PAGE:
On a Personal Note: The Uncomfort Zone

There are many times, as a police officers, that we have to face some uncomfortable situations.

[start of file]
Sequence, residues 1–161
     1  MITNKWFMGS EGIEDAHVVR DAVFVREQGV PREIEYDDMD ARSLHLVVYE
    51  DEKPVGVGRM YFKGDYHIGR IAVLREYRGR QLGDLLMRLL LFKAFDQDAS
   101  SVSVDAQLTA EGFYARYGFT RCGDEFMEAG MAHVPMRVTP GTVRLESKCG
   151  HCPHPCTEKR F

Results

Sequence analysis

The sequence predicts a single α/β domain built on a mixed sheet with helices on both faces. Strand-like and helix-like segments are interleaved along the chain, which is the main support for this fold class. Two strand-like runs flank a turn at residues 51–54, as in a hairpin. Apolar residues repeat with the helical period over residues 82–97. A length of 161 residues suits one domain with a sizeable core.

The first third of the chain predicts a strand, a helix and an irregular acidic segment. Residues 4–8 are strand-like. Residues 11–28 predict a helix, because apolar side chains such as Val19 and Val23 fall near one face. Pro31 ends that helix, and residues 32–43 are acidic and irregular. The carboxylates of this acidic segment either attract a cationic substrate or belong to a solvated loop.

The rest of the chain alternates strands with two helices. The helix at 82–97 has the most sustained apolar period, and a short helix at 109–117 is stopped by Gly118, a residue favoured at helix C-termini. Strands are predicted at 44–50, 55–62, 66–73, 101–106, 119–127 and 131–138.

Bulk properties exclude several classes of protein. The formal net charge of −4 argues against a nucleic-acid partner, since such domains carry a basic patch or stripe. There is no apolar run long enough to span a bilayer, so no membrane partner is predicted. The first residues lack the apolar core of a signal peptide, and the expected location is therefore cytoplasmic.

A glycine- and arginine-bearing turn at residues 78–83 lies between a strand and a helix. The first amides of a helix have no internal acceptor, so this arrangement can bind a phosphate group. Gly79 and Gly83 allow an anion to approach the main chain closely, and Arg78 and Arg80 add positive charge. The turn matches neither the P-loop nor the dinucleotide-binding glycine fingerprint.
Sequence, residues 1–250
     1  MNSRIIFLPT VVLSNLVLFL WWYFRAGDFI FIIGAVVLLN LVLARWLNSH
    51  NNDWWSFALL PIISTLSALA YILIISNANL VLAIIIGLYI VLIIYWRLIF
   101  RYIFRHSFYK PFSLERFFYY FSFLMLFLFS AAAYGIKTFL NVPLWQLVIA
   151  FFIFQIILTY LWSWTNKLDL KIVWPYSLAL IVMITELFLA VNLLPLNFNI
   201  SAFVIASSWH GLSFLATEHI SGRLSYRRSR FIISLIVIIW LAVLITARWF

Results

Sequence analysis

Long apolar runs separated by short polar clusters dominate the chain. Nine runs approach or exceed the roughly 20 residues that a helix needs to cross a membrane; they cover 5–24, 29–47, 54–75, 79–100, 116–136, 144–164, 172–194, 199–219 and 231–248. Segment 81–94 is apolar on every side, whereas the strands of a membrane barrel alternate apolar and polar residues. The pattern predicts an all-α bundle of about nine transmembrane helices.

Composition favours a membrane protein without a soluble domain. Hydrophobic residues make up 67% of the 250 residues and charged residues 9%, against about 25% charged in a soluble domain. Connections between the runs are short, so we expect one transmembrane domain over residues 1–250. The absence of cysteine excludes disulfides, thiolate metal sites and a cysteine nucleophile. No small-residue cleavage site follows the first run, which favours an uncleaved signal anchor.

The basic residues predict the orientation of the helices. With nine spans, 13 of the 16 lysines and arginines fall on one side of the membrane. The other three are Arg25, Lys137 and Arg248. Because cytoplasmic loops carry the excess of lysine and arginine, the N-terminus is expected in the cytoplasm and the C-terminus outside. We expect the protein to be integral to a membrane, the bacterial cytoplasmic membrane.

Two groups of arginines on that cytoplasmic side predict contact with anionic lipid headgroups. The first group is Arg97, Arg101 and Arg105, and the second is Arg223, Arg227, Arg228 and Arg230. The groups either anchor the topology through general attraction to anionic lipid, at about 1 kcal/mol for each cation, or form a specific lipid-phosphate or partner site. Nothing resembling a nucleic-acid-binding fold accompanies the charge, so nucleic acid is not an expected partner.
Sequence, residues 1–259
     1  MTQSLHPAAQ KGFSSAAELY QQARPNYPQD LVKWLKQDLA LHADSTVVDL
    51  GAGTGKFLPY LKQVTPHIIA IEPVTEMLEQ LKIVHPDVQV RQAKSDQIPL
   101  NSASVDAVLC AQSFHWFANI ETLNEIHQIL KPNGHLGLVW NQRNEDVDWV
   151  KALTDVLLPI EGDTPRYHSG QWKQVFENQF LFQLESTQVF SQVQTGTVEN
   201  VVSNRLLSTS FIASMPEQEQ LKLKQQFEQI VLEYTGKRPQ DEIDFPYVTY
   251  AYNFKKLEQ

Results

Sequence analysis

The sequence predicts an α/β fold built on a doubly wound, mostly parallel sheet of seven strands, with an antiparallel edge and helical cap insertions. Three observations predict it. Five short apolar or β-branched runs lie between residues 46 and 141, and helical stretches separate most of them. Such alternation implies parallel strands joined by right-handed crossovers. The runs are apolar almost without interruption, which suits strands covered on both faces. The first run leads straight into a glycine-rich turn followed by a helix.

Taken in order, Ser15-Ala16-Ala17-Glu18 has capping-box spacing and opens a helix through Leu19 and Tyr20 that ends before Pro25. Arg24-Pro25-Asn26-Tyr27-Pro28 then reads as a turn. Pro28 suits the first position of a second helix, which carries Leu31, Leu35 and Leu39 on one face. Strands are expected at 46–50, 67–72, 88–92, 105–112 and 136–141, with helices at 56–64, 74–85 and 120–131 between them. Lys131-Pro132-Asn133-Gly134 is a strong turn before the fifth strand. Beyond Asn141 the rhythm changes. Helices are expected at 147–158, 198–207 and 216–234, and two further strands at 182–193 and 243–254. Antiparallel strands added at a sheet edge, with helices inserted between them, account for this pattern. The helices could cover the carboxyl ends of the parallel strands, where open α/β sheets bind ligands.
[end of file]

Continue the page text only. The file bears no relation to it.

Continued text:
There are many times, as a police officers, that we have to face some uncomfortable situations and, regardless of one’s fears of the unknown, you just go. This weekend I faced that “uncomfort” zone when I agreed to walk into the dark bottomless pit of the Creative Stitch and Crafting Alive fair at the Calgary Corral Centre with my wife Bev. As I stood at the gates of gloom and glanced in, I observed no one of my species (husband), and made such comment to Bev.  The lady at the door corrected me, however, and said there were a few.  With that encouragement, I stepped in. I stuck to Bev like glue and for the duration of 2 hours, 38 minutes and 18 seconds I counted maybe sixhusbands. I learned from  listening intently that  all these women, including Bev, speak Klingon language. No idea what they were talking about. Some of these sewing machines and other gadgets actually have speeds. The only thing I could relate to — horsepower.  At one point I went to the bathroom and instructed Bev to stay put so I could immediately re-attach. She moved. Lone male standing alone with the fear of being abandoned. I forgot what she was wearing so looked for a full head of gray hair — wrong landmark.  Once re-connection was made. I sat quietly while Bev was  getting instructions on a machine she wished to purchase. Four other ladies quickly gathered around. I’m sitting minding my own business as one of the women stared down at me long enough that I felt I should engage her in conversation. I did. “I’m here because I am working on getting permission for my retirement boat.”  A look of acceptance is returned. Close call. I see something for Christmas and for the second time in two hours, 38 minutes and 18 seconds, I break free to purchase a bag. When I do have the item and try to go unnoticed searching for Bev, a sales girl comments, “Nice purse.” Her tone was to make a little fun of me. I also shot back two words: “Smart ass.”  I heard some women screaming and yelling in some corner and figure the male dancer must have arrived.  Where I come yearly to visit the boat of my dreams now stands displays of scrapbooking. The desecration of hallowed grounds. I made a commitment to myself that I would be back in February to get my mind straight.  Bev walked out with a sewing machine. One day I  will walk out with the boat.